Isaiah: The Prophet and His Book

Published: July 2012
£21.00
The book of Isaiah presents one of the most challenging pieces of literature in the Hebrew Bible. Over a period of some four hundred years (from the end of the eighth century down to the end of the fourth century BCE), the great prophet Isaiah and his disciples in the Assyrian period, as well as later scholars in Babylonian and Persian times, worked on this marvellous prophetic text. In its final form it resembles a mediaeval cathedral constructed by many gifted people across the centuries. Each piece has its own history, place and function in the whole structure. In this lucid study, Berges interprets the scroll of Isaiah as a 'literal cathedral', written by many hands and empowered by the experience of sorrow and disaster, liberation and joy. In the centre of the book (Isaiah 36 —39) and of its theology stands the threat and redemption of Zion. The nations that in the first part were taking action against God's city are invited to join the exiled and dispersed people of Israel as it travels home. The reader too is called to journey the same path and to join the congregation of Israel and the nations on their way to the New Jerusalem — not in heaven but on a renewed earth. Methodologically, the book combines synchronic and diachronic perspectives and paves the way to a fruitful conversation between them. The vast reception history of the Book of Isaiah in the Septuagint, the New Testament, and in rabbinic and Christian traditions, as well as in painting and music, is also illustrated by some of the most illuminating examples.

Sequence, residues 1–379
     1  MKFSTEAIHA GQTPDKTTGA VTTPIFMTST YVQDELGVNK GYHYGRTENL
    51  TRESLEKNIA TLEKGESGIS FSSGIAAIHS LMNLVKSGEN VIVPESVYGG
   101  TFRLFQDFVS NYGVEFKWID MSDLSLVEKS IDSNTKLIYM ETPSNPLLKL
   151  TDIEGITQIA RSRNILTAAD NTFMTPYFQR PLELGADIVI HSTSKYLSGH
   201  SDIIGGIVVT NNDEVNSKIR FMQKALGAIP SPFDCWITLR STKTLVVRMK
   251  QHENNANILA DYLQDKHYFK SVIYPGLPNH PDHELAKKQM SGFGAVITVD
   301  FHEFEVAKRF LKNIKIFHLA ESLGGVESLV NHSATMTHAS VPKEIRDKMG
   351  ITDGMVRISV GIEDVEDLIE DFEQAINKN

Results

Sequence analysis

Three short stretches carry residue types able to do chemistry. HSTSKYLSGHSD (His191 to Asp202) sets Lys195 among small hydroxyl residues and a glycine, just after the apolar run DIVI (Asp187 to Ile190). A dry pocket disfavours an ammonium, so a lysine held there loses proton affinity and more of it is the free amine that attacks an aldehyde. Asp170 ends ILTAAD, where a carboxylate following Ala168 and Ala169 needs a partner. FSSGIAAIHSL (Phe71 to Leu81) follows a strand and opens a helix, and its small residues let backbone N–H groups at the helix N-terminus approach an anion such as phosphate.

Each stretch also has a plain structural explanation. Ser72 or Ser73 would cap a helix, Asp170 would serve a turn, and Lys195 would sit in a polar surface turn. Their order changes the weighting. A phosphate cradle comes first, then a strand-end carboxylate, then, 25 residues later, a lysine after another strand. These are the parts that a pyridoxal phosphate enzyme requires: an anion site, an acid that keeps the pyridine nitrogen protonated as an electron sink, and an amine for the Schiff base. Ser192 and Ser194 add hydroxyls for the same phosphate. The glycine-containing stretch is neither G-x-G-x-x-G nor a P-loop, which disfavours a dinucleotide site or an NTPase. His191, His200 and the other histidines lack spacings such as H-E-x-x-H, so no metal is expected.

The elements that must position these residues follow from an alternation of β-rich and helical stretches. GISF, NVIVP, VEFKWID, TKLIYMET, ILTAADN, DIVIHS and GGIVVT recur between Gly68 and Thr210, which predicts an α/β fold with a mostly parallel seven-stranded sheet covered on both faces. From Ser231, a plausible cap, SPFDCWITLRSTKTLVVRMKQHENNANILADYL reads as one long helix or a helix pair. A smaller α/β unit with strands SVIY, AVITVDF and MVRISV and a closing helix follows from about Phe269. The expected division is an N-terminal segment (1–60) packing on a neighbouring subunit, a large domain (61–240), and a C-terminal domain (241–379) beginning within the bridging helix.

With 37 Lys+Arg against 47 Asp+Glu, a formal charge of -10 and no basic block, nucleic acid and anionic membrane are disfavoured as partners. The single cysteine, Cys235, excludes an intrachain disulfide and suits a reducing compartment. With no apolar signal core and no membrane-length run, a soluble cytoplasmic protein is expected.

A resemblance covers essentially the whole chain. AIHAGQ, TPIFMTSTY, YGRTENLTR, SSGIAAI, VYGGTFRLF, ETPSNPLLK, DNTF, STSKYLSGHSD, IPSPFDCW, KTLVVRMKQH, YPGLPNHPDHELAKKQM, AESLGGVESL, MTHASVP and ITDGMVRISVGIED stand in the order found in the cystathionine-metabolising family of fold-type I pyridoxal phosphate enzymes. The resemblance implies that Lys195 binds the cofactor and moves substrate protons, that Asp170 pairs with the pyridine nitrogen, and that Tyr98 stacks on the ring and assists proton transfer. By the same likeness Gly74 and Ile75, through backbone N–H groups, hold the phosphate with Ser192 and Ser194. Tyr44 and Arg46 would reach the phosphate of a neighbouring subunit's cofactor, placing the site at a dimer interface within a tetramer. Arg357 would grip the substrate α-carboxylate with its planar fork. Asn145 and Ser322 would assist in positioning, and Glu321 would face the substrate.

Quick View
Add to Wishlist

Isaiah: The Prophet and His Book

£21.00
The book of Isaiah presents one of the most challenging pieces of literature in the Hebrew Bible. Over a period of some four hundred years (from the end of the eighth century down to the end of the fourth century BCE), the great prophet Isaiah and his disciples in the Assyrian period, as well as later scholars in Babylonian and Persian times, worked on this marvellous prophetic text. In its final form it resembles a mediaeval cathedral constructed by many gifted people across the centuries. Each piece has its own history, place and function in the whole structure. In this lucid study, Berges interprets the scroll of Isaiah as a 'literal cathedral', written by many hands and empowered by the experience of sorrow and disaster, liberation and joy. In the centre of the book (Isaiah 36 —39) and of its theology stands the threat and redemption of Zion. The nations that in the first part were taking action against God's city are invited to join the exiled and dispersed people of Israel as it travels home. The reader too is called to journey the same path and to join the congregation of Israel and the nations on their way to the New Jerusalem — not in heaven but on a renewed earth. Methodologically, the book combines synchronic and diachronic perspectives and paves the way to a fruitful conversation between them. The vast reception history of the Book of Isaiah in the Septuagint, the New Testament, and in rabbinic and Christian traditions, as well as in painting and music, is also illustrated by some of the most illuminating examples.
Add to cartView cart
Select the fields to be shown. Others will be hidden. Drag and drop to rearrange the order.
  • Image
  • SKU
  • Rating
  • Price
  • Stock
  • Availability
  • Add to cart
  • Description
  • Content
  • Weight
  • Dimensions
  • Additional information
  • Attributes
  • Custom attributes
  • Custom fields
Click outside to hide the comparison bar
Compare
    0
    Your Cart
    Your cart is emptyReturn to Shop
    ×